“My favorite one right now is Spencer Lackey, who is playing Keir Hardie [a former leader of the United Kingdom’s Labour Party]. We are doing a beard for him and we are going to do his make-up to make him look aged.”
The students also built a curly white “judge” wig from scratch for CCM actor Landon Hawkins, who plays the Speaker of the House in Her Naked Skin. Jimenez is working with Assistant Professor of Make-Up Kelly Yurko on the complicated wig. She has never built such a wig before but she previously created a fully hand-tied wig for class that took her between 50 and 60 hours to complete — from laying the wig’s lace foundation and sewing it together to tying all of the hair into place.
The wig and make-up crew did not build all of the wigs from scratch, most were built by previous students for past CCM productions. However, Jimenez styled all of the wigs. They also had to be altered to fit the actors; the students traced the actors heads to create new measurements for the wigs.
Many of the wigs needed to be “refronted,” which means the students replaced part of the wigs to blend with the actors’ natural hairlines. This process involves tying hair piece-by-piece into a lace foundation from the middle of the crown to the hairline. This can take about 10 to 12 hours.
“Everyone has been so helpful,” Jimenez says about the other students working with her. “For there only being five of us in the shop, everyone has been great.”
Audiences can see the products of their handy work when CCM presents Her Naked Skin from Feb. 8-12 in Patricia Corbett Theater. Tickets are available online through CCM’s Box Office.
After Her Naked Skin closes the shop will focus on CCM’s next Mainstage production, Jerry Herman’s powerful musical Mack and Mabel. Jimenez has been assisting Yurko in creating wig and make-up designs for the musical, which is set in the 1920s.
“I know it’s going to be a lot of wigs and a lot of changes, Jimenez says. “It’s going to be another big one.”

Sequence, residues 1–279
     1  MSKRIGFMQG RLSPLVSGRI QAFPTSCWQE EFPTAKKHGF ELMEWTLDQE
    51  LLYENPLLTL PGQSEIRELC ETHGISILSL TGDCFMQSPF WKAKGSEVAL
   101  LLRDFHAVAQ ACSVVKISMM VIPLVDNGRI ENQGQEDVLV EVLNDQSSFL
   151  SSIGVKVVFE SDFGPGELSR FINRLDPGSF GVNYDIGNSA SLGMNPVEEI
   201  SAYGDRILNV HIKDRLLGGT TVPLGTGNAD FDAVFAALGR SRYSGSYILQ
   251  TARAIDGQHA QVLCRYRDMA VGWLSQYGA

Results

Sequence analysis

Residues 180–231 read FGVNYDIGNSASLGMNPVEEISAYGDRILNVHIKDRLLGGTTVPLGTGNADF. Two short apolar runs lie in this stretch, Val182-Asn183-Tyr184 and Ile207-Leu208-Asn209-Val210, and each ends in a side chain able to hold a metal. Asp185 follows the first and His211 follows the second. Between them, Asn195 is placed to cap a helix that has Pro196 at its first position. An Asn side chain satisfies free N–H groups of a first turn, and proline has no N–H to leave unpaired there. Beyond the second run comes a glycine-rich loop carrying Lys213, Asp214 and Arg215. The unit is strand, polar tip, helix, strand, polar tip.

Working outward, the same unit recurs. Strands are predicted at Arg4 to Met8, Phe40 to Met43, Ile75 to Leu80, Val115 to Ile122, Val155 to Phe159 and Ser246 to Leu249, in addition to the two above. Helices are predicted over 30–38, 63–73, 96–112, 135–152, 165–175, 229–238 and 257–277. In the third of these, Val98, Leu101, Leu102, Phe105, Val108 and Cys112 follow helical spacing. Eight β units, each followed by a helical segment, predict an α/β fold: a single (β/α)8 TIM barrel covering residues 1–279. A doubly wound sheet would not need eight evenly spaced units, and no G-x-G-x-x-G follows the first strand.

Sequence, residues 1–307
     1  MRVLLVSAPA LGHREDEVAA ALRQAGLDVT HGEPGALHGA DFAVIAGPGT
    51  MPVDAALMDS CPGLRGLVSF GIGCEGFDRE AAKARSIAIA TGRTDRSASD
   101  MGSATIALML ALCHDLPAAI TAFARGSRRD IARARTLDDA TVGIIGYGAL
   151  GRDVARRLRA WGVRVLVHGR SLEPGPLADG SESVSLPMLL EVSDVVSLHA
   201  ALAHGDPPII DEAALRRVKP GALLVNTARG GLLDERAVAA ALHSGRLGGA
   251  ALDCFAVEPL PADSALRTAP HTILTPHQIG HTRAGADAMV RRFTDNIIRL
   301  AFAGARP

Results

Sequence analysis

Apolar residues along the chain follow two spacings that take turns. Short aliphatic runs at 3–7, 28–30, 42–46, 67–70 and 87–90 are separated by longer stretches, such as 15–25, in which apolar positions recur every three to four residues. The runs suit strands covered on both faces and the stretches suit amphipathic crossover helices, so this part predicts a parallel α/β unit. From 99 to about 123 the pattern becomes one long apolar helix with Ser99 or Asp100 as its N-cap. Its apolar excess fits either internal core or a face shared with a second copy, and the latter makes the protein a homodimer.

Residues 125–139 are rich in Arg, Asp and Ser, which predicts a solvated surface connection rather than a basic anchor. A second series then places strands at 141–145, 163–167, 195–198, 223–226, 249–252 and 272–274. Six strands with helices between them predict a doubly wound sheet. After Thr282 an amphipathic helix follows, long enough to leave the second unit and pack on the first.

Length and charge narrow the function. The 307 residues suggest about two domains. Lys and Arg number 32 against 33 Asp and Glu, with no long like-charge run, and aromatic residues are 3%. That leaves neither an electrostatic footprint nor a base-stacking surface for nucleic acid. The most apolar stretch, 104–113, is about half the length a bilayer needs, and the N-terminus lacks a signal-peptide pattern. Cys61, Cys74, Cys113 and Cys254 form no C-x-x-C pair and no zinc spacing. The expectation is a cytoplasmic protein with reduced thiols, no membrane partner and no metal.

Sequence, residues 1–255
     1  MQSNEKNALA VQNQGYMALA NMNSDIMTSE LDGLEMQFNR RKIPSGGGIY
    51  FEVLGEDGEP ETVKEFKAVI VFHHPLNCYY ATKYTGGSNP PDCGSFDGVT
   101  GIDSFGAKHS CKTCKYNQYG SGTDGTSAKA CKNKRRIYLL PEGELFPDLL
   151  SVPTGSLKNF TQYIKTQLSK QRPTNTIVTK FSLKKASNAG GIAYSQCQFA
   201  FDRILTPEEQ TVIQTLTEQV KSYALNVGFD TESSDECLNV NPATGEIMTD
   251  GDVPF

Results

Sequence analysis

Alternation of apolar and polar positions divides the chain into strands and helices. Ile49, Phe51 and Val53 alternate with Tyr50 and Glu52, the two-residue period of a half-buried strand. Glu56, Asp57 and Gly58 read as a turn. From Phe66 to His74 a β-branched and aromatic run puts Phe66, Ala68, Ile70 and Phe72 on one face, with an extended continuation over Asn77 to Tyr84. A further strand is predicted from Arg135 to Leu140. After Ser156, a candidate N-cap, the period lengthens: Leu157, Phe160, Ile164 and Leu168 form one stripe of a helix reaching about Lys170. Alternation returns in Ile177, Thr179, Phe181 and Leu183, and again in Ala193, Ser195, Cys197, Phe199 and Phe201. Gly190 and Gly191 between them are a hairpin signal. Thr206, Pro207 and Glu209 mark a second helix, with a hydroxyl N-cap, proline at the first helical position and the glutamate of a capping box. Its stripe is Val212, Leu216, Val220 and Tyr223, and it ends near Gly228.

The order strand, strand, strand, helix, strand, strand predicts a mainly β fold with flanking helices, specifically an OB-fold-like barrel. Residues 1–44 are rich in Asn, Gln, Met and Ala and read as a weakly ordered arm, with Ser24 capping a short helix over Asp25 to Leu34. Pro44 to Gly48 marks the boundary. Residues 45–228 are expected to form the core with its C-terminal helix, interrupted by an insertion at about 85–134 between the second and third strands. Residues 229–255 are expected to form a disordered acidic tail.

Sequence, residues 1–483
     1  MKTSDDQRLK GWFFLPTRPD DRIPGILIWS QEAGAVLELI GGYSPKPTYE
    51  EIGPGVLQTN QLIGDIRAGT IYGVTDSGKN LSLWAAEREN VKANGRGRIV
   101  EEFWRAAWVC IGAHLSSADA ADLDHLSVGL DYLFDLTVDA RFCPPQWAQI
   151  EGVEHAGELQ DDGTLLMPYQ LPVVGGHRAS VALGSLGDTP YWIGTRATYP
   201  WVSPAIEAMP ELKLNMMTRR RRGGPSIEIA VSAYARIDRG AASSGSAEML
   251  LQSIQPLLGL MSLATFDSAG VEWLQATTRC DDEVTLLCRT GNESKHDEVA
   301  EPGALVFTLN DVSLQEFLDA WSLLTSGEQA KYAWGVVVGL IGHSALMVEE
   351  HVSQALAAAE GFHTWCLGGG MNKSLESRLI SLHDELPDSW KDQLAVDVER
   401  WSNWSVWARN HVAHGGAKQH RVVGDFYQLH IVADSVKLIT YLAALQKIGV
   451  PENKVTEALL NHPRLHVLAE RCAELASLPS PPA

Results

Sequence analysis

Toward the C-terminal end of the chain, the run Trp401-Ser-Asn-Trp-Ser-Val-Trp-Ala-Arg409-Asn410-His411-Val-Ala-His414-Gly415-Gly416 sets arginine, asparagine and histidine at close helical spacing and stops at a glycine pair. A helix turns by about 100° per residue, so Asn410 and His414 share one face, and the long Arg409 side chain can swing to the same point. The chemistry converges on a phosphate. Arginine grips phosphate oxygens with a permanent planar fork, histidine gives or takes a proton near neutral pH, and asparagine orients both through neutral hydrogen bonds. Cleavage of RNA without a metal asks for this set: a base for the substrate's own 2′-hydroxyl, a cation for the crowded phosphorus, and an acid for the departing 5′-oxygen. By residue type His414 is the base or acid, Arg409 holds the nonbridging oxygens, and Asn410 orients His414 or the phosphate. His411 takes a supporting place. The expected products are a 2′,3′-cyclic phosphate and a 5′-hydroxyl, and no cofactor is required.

Her Naked Skin contains adult themes and situations, including brief nudity, and is intended for mature audiences.
- 8 p.m. Wednesday, Feb. 8 (preview)
- 8 p.m. Thursday, Feb. 9
- 8 p.m. Friday, Feb. 10
- 2 & 8 p.m. Saturday, Feb. 11
- 2 p.m. Sunday, Feb. 12
Patricia Corbett Theater, CCM Village
University of Cincinnati
Tickets to Her Naked Skin are $27-31 adults, $17-20 non-UC students and $15-18 UC students with a valid ID. Tickets to the Feb. 8 preview performance are just $15.
Student rush tickets will be sold one hour before each performance to non-UC students for $12-15, based on availability. UC students can receive one free student rush ticket with a valid ID, also based on availability.
Tickets can be purchased in person at the CCM Box Office, over the telephone at 513-556-4183 or online at ccm.uc.edu/boxoffice/mainstage/her-naked-skin.
Parking and Directions
Parking is available in the CCM Garage (located at the base of Corry Boulevard off Jefferson Avenue) and additional garages throughout the UC campus. Please visit uc.edu/parking for information on parking rates.
For detailed maps and directions, please visit uc.edu/visitors. Additional parking is available off-campus at the U Square complex on Calhoun Street and other neighboring lots.
For directions to CCM Village, visit ccm.uc.edu/about/directions.
Season Presenting Sponsor: The Otto M. Budig Family Foundation
Mainstage Season Production Sponsor: Macy’s